But some groups inside the coalition believe Vazquez is not necessarily the right man for the next five years, and point out to several reasons: he will be taking office with 77 years of age and will be over 80 at the end of the five year mandate; his style of government does ‘not correspond’ to what is considered left or Socialist the party to which he was affiliated until he clashed over the abortion bill that he does not support again on medical and ethical reasons; he belongs to a generation of old (over age) leaders and it is time to let fresh air in, and for 2014; there will be an additional 300.000 voters who will be seeing the Broad Front as the ‘government party’, not the party of reform, hope and protest and although ‘popular’, Vazquez ‘does not mingle or listen sufficiently to people’.
But at the end of the day much again will depend on ‘biology (health) and the Broad Front program’ that is virtually in the hands of the radicals and the Communist party, member of the coalition, and that control many of the grass root delegates to the congress structure. The Communist party has also refused to participate in current discussions arguing that the ruling coalition has a calendar of activities to accomplish, before making any decision or dealings on the margins.
With such a profile and condemned of castigated by the radicals inside the coalition for not being truly ‘leftist’, Vazquez has a natural reach to the rest of the political spectrum which in Uruguay is mainly centre left, probably social-democrat in European terms, and that is currently orphan of strong convincing leaders in the two main opposition parties.
Nevertheless this has not prevented Vazquez from acting as the incumbent pre-candidate despite having announced in October 2011 he was taking a rest from politics. He has made speeches, toured the country and in low key expressed his disapproval of the bills on abortion and marijuana, among other public activities.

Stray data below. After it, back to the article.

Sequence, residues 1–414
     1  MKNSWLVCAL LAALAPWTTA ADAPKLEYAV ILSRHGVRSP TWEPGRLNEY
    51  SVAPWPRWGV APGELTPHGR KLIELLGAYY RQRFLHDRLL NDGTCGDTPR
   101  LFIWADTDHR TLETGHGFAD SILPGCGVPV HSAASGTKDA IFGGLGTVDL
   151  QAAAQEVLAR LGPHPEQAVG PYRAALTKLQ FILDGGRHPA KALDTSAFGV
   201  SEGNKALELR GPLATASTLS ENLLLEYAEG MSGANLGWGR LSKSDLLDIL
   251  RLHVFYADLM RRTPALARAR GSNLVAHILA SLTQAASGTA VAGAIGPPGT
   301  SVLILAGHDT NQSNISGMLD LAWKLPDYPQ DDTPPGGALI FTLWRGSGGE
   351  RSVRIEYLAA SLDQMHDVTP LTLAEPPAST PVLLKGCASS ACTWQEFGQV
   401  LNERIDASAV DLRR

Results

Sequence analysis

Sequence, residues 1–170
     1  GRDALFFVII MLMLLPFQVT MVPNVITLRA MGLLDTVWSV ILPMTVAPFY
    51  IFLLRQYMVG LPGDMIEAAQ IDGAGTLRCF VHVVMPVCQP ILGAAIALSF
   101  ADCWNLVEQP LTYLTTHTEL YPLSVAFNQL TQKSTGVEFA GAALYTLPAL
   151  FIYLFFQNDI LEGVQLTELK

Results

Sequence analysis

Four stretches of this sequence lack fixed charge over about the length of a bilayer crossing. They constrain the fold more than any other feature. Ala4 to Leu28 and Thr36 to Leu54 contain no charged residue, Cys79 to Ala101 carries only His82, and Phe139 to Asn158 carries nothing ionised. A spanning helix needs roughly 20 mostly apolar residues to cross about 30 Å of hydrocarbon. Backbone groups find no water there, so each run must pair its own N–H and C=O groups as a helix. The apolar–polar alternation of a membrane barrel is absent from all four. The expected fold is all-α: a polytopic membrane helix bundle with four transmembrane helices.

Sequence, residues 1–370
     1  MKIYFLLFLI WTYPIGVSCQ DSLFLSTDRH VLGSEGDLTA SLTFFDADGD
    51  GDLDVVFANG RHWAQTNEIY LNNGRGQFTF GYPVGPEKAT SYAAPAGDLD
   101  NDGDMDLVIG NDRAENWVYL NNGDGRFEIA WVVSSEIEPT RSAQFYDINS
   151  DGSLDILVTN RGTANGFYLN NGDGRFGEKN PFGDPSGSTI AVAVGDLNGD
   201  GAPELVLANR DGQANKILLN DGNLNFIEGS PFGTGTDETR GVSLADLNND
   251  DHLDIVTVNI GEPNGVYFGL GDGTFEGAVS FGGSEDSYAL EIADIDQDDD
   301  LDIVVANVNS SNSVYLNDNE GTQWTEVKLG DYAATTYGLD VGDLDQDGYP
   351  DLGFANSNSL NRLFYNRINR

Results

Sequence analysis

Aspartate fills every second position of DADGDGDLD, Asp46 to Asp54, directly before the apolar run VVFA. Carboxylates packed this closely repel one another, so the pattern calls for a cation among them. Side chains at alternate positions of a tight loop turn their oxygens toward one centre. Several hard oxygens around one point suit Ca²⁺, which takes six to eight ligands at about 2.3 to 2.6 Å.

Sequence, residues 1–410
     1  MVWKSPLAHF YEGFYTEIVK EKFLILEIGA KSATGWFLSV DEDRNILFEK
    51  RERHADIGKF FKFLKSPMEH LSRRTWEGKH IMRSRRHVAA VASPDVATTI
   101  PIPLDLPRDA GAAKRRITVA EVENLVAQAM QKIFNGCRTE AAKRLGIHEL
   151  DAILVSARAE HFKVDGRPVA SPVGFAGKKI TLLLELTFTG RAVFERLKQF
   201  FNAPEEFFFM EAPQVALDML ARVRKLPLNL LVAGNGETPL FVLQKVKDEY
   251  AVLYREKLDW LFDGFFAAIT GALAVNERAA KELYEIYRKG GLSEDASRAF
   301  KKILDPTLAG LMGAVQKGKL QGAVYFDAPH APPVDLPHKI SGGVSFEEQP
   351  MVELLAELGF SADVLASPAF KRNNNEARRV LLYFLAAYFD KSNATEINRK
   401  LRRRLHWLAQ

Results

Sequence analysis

“Despite Vazquez announcement that making official his decision to run for the presidency will much depend on biology and the coalition’s government program, the fact is that it is becoming increasingly difficult for him to refuse such responsibility because he could then be seen as the man who precipitated the Broad Front’s October 2014 defeat”, said Eduardo Gonzales, a political-science scholar and pollster.
As to the opposition Gonzalez said that the Broad Front continues “to be comfortably the leading voted party; the opposition National and Colorado parties have a chance in the run-off if Vazquez drops out, but without a much needed majority in parliament”.
However the other big battle in the Broad Front and if Vazquez runs will be who is to be his companion in the presidential ticket. Although the issue ‘officially’ has not been discussed it seems increasingly possible that the current First lady and Senator Lucia Topolansky will jump into the ticket, not only because of the group that supports President Mujica and her, the Popular Participation Movement, MPP, is among the strongest in the coalition, but also their influence as former guerrillas could establish a bridge with the most radical groups.